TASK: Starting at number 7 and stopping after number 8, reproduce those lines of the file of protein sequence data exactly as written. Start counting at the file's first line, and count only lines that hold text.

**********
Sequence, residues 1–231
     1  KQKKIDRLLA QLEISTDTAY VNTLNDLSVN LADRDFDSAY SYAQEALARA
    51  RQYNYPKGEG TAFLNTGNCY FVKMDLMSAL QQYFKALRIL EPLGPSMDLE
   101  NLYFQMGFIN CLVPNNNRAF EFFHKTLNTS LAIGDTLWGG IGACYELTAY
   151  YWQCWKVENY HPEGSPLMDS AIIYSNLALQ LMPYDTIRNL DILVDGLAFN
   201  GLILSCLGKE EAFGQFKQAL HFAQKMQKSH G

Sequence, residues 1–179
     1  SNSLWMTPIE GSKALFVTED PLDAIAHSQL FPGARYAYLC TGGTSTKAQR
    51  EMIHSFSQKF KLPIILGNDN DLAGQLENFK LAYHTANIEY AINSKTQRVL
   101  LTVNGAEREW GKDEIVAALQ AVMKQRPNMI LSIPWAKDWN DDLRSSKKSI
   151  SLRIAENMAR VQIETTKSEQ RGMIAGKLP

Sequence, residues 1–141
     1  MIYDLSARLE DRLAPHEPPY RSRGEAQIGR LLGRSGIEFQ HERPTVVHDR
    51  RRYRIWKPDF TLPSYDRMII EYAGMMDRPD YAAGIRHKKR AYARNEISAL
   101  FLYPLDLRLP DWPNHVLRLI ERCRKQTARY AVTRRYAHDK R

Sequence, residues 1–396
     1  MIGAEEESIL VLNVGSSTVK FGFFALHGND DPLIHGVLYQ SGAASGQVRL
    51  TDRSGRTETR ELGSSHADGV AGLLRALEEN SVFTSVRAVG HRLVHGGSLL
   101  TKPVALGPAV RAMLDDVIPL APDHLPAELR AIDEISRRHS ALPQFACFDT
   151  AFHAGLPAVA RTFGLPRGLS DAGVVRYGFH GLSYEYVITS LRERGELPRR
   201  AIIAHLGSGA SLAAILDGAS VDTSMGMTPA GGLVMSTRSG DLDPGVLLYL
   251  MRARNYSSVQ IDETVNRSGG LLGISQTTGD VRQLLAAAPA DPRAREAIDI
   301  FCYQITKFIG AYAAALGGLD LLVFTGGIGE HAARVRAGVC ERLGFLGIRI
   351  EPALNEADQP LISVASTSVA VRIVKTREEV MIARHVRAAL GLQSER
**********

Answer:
Sequence, residues 1–179
     1  SNSLWMTPIE GSKALFVTED PLDAIAHSQL FPGARYAYLC TGGTSTKAQR